law school

When I began law school in 2008, both evangelicalism and law school attendance were on the rise in the United States. Though these trends generally got covered in different corners of the newspaper, I came to suspect a secret connection. A year or two at a fine American law school can leave the most hard-bitten among us longing for rebirth. St. Paul once wrote: “For I was alive without the law once: but when the commandment came, sin revived, and I died.” It will come as no surprise to even the most unbiblical law student that Paul was once an attorney himself. Law school can cramp, as stilted policy discussions and four-hour exams chock full of outlandish narratives of wrongdoing seem unequal to the pleasures and pain of being human. Who we are gets buried beneath what we do. Pressed upon by prescribed forms, the doubtful legal journeyman or woman longs to break on through, to speak in tongues, to be born again.

Thanks to Paul, law students can rely on a strong precedent should they have a change of heart. If my generation seems to have a particular passion for law school, that may disguise a deeper passion for conversion. Late-night dive-bar conversations with dissatisfied summer associates are never fully consigned to hopelessness. In the complaints of the soon-to-be-professional, there always remains a glimmer of expectancy: Perhaps I will be transformed. Perhaps the law is not the final form my life will take—it may only be the shaping flame. Such a wayfarer takes the bar and trusts in grace.

Betting on epiphany is an old American tradition. From the one-time minister Ralph Waldo Emerson, to the tortured academic Thomas Kelly, to the mercurial insurance man Wallace Stevens, some of our greatest voices have used the grayscale world of professionalism as the background for their kaleidoscopic experiments with the spirit. Yet there is something cartoonish about turning the black-letter law-book into a springboard toward the Ultimate.

William Stringfellow, a great American lawyer and theologian, offered plenty of ammunition to the spiritually-dissatisfied law student. Yet he also criticized the flight from reality that frequently accompanies frustration with legal drudgery. On the one hand, his descriptions of his alma mater were unrelenting: “Initiation into the legal profession, as it is played out at a place like the Harvard Law School, is … elaborately mythologized, asserts an aura of tradition, and retains a reputation for civility. All of these insinuate that this process is benign, though, both empirically and in principle, it is demonic.” On the other hand, as much as Stringfellow condemned the cult of success and power he found at law school, he was also unimpressed by quick-and-dirty spiritual evasions. “Contemporary spirituality,” he explained, could only offer cheap escape from the here-and-now, not an alternative response to the human complexity with which legal systems must struggle. Where both legal education and contemporary spirituality went wrong, in his mind, was their idolization of personal efficacy at the expense of the true effectiveness of the Word of God.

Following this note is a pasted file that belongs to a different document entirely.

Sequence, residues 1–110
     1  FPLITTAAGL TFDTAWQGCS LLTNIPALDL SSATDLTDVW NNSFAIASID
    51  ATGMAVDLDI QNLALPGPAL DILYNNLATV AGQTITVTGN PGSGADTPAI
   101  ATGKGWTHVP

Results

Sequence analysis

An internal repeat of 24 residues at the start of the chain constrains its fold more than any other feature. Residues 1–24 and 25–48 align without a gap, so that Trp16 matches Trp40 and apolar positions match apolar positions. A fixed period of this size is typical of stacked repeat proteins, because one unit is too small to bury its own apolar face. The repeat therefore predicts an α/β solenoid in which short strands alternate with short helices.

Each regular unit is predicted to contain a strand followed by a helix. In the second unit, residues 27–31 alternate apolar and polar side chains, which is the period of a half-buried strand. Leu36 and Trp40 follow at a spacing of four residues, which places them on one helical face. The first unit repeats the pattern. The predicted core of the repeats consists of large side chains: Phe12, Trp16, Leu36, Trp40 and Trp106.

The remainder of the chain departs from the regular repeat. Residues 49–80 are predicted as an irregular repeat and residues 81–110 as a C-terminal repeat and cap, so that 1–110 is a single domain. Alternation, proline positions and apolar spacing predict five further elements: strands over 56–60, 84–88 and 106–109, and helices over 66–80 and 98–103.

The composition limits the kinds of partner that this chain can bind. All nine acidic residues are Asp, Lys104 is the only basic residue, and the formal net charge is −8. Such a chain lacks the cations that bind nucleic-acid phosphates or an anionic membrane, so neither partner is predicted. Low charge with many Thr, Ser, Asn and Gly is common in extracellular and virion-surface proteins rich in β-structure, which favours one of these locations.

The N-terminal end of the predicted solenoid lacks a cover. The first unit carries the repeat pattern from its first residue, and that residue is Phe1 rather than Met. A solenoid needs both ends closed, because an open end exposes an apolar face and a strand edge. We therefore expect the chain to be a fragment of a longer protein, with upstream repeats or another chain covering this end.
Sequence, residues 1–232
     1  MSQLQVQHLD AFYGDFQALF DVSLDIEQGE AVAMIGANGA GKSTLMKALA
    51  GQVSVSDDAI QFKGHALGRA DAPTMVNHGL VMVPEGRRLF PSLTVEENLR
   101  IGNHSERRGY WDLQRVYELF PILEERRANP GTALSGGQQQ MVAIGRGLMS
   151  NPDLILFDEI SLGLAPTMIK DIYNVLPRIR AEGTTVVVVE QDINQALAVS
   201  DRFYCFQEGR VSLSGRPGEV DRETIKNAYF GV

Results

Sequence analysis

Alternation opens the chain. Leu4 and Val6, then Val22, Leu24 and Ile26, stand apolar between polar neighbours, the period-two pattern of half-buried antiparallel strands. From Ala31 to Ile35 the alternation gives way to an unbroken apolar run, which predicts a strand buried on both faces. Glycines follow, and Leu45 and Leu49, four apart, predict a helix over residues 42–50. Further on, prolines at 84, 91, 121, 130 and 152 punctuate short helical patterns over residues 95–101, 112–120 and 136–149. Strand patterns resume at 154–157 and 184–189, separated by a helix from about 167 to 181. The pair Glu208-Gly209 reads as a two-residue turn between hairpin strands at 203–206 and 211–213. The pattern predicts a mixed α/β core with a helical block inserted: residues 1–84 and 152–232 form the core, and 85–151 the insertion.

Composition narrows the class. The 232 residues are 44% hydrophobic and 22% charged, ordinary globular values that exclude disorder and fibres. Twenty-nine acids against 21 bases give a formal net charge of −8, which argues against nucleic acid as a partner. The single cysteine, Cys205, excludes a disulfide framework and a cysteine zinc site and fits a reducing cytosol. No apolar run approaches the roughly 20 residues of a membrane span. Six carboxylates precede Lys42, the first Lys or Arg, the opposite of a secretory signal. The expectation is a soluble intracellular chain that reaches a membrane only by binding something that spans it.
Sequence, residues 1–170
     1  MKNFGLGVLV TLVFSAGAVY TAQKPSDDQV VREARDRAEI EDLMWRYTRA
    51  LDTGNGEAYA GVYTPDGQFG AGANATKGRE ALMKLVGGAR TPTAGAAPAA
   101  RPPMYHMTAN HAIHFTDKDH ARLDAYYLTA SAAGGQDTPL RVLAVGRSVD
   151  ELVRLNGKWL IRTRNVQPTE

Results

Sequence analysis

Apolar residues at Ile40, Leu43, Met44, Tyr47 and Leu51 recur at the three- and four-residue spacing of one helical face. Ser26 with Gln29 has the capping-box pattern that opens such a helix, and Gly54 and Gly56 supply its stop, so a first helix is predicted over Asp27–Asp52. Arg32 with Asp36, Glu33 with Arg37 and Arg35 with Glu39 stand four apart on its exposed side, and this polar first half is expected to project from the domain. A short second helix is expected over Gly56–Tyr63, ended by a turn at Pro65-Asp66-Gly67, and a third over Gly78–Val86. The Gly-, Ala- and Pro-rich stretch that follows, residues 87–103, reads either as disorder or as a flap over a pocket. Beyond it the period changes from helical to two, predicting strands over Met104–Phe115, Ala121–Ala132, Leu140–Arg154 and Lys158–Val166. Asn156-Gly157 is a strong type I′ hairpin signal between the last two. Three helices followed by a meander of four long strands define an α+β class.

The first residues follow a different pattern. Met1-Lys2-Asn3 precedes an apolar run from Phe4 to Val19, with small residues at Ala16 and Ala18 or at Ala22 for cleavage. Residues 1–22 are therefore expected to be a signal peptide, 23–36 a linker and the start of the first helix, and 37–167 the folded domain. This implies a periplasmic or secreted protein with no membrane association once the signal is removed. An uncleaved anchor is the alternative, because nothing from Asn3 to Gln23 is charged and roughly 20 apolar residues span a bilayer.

Stringfellow was a Rhode Islander, and true to that state’s noble birth, he lived his own religion. He was an early adopter of the civil rights revolution; in the late 1940s, he sat down with some black students at a lunch counter in as-yet-desegregated Maine. After graduating from Bates College on a scholarship, he studied in London and briefly joined the Army. Stringfellow often said that by the time he enrolled in Harvard Law School, he knew he would never have a profession, only a vocation: to live in accord with the Word.

Throughout his life, Stringfellow contrasted “legal” advocacy with “biblical” advocacy, and “contemporary” spirituality with “biblical” spirituality. Biblical advocacy and biblical spirituality were really one and the same thing—a form of politics that recognized God as the only legitimate actor on the world stage. This form of politics was anathema both to the law school of Stringfellow’s youth and the modern spiritualisms he saw gaining in popularity all around him, from yoga to televangelism. What both realms had in common was their commitment to personal prowess through self-discipline. Where the law student was most exacting, where the modern spiritualist was most dedicated to “self-denial,” Stringfellow saw only “a matter of self-indulgence, a vainglorious idea.”

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